What Is a Macro Trend?
By Jan Burch
Updated August 23, 2018
Understanding trends is a necessary part of any business forecasting activity. Trends are directional shifts or changes in a situation, which can be observed on a scale, ranging from very fine-grained to global in scope. The duration of a trend also affects its scale. Macro trends, as the name implies, are major in scope and long lasting. They affect the environment in which businesses operate, even if the business itself doesn’t seem related to the subject area of the trend.
Macro trends are directional shifts that involve large populations and last five to 10 years or more. Some examples might be the aging of a population, the development of global connectedness through social media, and the advances in technology as manifested in smart homes and the “Internet of things.”
Hierarchy of Trends
Macro trends don’t exist in a vacuum, but rather they arise out even broader, longer-lasting directional shifts known as mega trends. Macro trends, in turn, generate micro trends, which are smaller in scope and typically last three to five years. Then there are fads, which are even more ephemeral than trends and affect a smaller population, such as a defined age group.
A phenomenon can arise at one level of the hierarchy and expand or contract to encompass other levels. For example, when Facebook originated in 2004, it was shared among a small group of students in the Cambridge, Massachusetts area. With this small beginning, it may have been considered a fad, or at best a micro trend. Over time, the adoption of Facebook by a growing user base moved it to the level of a macro trend. Facebook, along with other social media platforms that have since developed, now propels the mega trend of global connectedness. This mega trend, in turn, produces such macro trends as crowd action, net culture and social software.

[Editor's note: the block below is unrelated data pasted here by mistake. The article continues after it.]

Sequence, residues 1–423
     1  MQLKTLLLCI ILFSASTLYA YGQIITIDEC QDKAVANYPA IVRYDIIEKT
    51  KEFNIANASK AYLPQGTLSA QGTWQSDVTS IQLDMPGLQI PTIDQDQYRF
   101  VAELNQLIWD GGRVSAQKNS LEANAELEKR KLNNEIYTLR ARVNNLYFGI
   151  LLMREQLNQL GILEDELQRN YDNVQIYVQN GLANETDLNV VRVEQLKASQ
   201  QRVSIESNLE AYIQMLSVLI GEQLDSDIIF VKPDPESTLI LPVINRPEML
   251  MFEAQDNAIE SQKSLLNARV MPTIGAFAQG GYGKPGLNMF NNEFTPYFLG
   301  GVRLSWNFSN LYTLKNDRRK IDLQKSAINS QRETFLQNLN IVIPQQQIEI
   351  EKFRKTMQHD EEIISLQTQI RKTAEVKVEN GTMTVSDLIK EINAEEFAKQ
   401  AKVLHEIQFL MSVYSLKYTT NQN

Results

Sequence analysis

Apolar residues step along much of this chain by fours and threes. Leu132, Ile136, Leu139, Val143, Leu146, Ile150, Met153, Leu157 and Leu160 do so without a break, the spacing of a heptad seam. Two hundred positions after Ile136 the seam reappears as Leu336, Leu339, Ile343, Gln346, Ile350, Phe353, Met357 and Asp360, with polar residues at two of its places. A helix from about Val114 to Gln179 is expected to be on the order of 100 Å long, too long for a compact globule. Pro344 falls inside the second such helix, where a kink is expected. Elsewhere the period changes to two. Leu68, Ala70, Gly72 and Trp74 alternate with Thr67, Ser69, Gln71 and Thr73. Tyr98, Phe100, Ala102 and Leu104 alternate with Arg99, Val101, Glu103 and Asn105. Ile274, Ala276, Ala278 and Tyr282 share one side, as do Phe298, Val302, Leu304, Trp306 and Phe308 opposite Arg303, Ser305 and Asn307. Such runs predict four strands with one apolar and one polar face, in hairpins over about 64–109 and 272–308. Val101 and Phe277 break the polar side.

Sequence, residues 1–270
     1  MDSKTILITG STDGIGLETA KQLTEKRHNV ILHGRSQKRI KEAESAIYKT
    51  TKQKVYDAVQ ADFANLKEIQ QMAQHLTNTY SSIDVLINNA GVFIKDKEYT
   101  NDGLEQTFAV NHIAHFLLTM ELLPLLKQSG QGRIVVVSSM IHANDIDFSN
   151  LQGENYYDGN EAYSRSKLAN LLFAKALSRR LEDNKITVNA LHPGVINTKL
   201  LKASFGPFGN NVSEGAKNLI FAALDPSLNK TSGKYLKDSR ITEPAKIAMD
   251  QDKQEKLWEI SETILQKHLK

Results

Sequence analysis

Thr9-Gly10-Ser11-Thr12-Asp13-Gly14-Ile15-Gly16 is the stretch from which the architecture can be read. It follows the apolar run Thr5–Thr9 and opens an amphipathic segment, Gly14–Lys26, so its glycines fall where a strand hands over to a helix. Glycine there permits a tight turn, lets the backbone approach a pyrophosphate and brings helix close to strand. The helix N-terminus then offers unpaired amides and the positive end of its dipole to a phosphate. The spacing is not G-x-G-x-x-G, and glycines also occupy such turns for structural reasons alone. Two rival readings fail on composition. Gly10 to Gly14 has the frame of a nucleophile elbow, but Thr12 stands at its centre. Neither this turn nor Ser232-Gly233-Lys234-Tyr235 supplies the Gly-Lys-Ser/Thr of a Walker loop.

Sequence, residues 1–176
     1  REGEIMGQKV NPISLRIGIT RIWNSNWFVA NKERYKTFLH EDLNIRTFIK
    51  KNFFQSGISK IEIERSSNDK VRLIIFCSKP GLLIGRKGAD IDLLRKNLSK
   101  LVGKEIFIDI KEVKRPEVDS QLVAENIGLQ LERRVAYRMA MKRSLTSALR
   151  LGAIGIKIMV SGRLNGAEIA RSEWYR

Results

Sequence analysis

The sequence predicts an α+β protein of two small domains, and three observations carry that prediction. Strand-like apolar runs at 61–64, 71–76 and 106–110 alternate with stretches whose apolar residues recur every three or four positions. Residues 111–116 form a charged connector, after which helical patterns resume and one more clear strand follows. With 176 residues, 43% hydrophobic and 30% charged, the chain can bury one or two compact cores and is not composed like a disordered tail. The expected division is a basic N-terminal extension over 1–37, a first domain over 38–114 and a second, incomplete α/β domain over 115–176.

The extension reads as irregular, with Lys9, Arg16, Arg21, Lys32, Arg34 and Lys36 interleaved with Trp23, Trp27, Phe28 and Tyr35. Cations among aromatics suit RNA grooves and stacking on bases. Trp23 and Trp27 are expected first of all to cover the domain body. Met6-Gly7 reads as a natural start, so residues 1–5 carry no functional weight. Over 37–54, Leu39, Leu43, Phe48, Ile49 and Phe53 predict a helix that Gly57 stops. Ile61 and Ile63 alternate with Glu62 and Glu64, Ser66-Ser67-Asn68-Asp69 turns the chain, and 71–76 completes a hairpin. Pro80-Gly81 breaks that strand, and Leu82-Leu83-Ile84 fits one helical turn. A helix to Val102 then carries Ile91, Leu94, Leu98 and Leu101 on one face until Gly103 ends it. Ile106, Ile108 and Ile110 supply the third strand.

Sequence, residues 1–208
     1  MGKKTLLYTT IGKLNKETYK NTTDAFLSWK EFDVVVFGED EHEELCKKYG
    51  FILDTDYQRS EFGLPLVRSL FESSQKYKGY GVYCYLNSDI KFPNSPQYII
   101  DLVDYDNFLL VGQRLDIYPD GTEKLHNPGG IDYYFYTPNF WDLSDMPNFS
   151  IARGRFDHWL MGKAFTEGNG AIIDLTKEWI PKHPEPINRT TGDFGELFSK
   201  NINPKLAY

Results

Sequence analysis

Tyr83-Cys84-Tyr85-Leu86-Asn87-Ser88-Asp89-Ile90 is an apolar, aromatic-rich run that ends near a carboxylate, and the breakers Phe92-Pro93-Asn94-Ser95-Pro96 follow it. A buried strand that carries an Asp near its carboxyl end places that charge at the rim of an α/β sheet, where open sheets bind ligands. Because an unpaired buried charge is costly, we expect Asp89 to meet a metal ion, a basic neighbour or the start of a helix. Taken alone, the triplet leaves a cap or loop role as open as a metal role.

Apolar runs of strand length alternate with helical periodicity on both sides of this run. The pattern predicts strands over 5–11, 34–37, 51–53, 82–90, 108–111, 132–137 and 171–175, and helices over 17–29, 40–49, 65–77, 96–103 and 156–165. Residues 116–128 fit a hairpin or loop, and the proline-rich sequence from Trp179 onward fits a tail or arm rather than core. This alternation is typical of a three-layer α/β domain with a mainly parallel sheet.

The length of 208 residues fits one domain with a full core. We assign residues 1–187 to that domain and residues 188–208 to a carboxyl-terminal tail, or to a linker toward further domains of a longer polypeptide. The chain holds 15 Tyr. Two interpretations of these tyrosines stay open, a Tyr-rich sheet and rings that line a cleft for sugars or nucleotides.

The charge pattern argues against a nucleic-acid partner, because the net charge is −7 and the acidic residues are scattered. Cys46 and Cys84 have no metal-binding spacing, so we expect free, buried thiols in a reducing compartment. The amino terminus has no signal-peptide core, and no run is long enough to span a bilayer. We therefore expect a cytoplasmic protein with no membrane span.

The Macro Environment
Every business lives within an environment of forces beyond its control. The DESTEP model describes these forces as Demographic, Economic, Political, Ecological, Socio-Cultural and Technological. For example, climate change is an ecological force, with worldwide implications that will undoubtedly last for decades, if not centuries. Within the umbrella of climate change, there are macro trends that operate on a smaller scale. Some operate regionally, such as the increased risk of flooding in coastal areas, or forest fires in mountainous regions. Other related trends might operate within a business sector, such as raw materials scarcity or interruption of delivery schedules due to severe weather events.
These climate-related challenges are also accompanied by emerging macro trends that create opportunities. Some examples are the rise of ethical business models, the trend towards ethical consumption and the growing consumer preference for renewable energy sources. While a business alone may not be able to alter macro-environmental forces, understanding and responding effectively to these large-scale directional shifts will help businesses survive and even thrive, despite the challenging nature of the macro trend.
Jan Burch has written about home, garden, wellness and other topics since 1992. Her articles have appeared in ByLine, Living Natural and New Mexico Woman. Based in Albuquerque, Burch is a Feng Shui consultant and Jin Shin Jyutsu practitioner. A life-long crafting enthusiast, she holds a master's degree from the University of California.